GM1 ganglioside is an important component of neuronal membrane signalling and has been shown to have neuroprotective effects in the toxin based animal models of PD.17,18 In a double blind delayed start designed trial, early use of GM1 (administered as iv loading injection followed by twice daily subcutaneous injection) had clear acute symptomatic effects (~5 point improvement on the motor subsection of the UPDRS).19 Individuals allocated to receive GM1 after a 24 week delay also had comparable symptomatic improvement but did not catch up with the benefits seen in the early start group during the two year exposure period. After cessation of the drug, all patients slowly deteriorated but again those individuals treated earlier had a modest advantage at all subsequent time points over the next two years. There is therefore ongoing interest in the potential of GM1 as both a symptomatic as well as a potential neuroprotective drug in PD.
Excessive levels of iron have been identified in the substantia nigra of PD patients correlating with disease severity.20 Deferiprone is a licensed treatment for iron chelation, known to cross the blood brain barrier.21 In a further delayed start design trial, deferiprone reduced levels of iron in the SN seen using T2* MRI, associated with a two point improvement in the UPDRS motor subscore.22 This effect size is clinically important although these data cannot yet be interpreted as neuroprotection given that it remains possible that there is some interaction between iron chelation and dopaminergic treatment. A further pilot trial is ongoing. (Clinical trials.gov NCT01539837).
Exenatide is an agonist for the Glucagon-like peptide 1 receptor (GLP-1), the stimulation of which leads to an increase in insulin release and proliferation of pancreatic beta islet cells.23 It is licensed for the treatment of type 2 diabetes mellitus. In vitro studies have suggested additional neurotrophic actions and in vivo studies have shown neuroprotective effects on dopaminergic cells in the toxin based animal models of PD.24,25,26,27 Exenatide has also been shown to have beneficial effects on noradrenergic and serotonergic systems with positive behavioural effects in animals indicating potential relevance for non-motor symptoms of PD such as memory and mood disturbance.28,29
In a small open label trial, administration of exenatide by twice daily subcutaneous injection for 12 months was accompanied by a five point advantage on the motor subsection of the UPDRS together with a similar improvement in cognitive performance.30,31 These advantages persisted 12 months after cessation of exenatide, however given the open label trial design, these results must be interpreted with caution unless/until they are replicated in a double blind trial.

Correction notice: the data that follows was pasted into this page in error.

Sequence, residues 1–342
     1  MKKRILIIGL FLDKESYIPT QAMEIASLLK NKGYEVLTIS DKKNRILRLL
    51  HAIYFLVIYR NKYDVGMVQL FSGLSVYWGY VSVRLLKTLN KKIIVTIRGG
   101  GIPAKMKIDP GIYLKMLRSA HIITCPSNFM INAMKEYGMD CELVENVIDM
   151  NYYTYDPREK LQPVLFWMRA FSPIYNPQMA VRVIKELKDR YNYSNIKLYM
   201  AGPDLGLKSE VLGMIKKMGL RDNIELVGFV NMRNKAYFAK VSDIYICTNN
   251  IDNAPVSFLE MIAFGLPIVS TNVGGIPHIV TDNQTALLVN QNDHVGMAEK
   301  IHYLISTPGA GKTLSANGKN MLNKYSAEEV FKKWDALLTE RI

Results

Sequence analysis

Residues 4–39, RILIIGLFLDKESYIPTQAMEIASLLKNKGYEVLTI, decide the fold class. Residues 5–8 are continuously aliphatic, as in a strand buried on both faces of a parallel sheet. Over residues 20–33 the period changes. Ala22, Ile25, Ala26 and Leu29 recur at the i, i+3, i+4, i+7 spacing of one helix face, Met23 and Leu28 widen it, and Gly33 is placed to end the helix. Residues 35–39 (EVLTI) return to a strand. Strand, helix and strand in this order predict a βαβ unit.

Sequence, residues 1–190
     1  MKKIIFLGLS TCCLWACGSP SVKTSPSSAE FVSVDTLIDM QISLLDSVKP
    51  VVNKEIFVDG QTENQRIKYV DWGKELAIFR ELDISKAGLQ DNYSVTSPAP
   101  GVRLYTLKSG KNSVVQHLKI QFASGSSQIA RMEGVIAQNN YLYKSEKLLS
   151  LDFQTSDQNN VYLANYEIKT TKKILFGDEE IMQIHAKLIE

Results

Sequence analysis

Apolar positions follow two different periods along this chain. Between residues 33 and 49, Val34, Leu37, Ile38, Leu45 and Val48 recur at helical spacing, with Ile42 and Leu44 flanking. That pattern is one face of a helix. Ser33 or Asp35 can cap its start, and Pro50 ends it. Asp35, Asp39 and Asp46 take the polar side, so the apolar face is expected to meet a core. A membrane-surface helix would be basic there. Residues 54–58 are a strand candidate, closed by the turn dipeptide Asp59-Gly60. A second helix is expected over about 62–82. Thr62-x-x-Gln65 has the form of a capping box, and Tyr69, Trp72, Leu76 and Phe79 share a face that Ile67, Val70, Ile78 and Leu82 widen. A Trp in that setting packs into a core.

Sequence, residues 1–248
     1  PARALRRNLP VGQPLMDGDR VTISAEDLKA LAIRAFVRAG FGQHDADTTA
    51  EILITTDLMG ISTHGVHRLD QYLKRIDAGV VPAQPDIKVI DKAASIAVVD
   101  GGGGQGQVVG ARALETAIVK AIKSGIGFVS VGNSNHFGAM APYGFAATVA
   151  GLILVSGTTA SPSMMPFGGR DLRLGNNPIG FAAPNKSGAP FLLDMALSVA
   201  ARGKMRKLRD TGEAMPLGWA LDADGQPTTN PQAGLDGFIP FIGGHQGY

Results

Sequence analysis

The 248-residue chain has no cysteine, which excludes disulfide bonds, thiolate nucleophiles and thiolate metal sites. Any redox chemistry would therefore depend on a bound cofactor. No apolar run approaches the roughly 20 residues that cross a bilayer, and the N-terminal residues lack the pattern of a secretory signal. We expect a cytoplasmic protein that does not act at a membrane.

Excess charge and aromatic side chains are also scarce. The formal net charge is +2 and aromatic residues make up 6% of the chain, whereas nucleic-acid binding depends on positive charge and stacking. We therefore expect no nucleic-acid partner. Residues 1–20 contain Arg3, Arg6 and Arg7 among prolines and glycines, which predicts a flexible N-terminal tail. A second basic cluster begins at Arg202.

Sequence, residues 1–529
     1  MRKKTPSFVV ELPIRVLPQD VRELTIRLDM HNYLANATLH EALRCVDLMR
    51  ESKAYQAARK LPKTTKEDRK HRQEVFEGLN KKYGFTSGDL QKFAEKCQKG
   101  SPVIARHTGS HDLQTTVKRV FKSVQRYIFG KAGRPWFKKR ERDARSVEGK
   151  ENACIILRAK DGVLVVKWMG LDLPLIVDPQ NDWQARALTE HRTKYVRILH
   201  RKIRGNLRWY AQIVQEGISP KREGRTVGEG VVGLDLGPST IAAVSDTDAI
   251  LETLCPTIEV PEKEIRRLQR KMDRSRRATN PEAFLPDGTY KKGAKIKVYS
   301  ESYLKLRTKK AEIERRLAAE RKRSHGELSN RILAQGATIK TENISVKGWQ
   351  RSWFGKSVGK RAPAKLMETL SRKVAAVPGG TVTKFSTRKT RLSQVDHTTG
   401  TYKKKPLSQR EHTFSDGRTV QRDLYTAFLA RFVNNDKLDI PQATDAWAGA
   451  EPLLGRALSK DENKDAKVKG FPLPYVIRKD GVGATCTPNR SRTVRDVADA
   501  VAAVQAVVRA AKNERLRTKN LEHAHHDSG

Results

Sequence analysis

Pioglitazone is a licensed treatment for type 2 diabetes mellitus, and acts to improve insulin resistance via an action on the peroxisome proliferator activated receptor gamma (PPARŒ≥) receptor. In the laboratory it has been shown that this agent reduces the expression of pro inflammatory cytokines by reactive microglia.32 In the non-human primate MPTP model of PD, pioglitazone was found to reduce the loss of dopaminergic neurons and preserve motor function.33
As a result of these observations, a phase 2 trial of pioglitazone in 216 patients with PD is underway but as yet there are no efficacy data in humans with PD. However, despite the robust laboratory data supporting study of pioglitazone in tandem with intriguing mechanistic links between pioglitazone, mitochondrial function and PD, a potential association between pioglitazone and a small increased risk of bladder cancer has recently been discovered; in a meta-analysis it was calculated that this amounted to approximately five cases of bladder cancer for every 100,000 person years of pioglitazone treatment.34 Careful scrutiny of clinical trial data regarding any benefit on PD progression will be required before any conclusion can be drawn in evaluating the acceptability of this level of risk.
Alpha synuclein vaccination
Given that we know that excessive levels of (even normal) alpha synuclein are sufficient to cause PD, the concept of using vaccination has arisen, to try and lower these levels.35 The major problem has been identifying whether and how a peripherally administered antibody can access the central nervous system and target a predominantly intracellular protein, and have sufficient selectivity for alpha synuclein and no other synucleins. In a transgenic mouse over-expressing human alpha synuclein, such an antibody has been shown to successfully lower alpha synuclein aggregation in neuronal cell bodies even after peripheral administration.36,37 This has led to the initiation of two safety trials in small numbers of either healthy individuals (Clinicaltrials.gov/ NCT02095171) or patients with early PD (Clinicaltrials.gov/NCT01885494). Similar attempts are underway to try and lower beta amyloid levels as a treatment for Alzheimer’s disease.
The GBA gene encodes the enzyme glucosylceramidase (GCase), and homozygous or compound heterozygous mutations in this gene are the cause of Gaucher’s disease. Carrying a single GBA mutation has been shown to be the commonest genetic risk factor for PD.38 There is a reduction in the activity of GCase in brain tissue from PD and DLB patients (with or without GBA mutations).39 This enzyme is thus a potentially very important target for the treatment of PD. Ambroxol hydrochloride is a small molecule that protects GCase from thermal denaturation and boosts the function of GCase through upregulation of the transcription factor TFEB.40 It is licensed for use in humans and is present in many cough syrups as it also has a role as a mucolytic. It can cross the blood brain barrier.41 Laboratory data therefore lend strong support to taking this agent into phase 1 clinical trial in PD patients.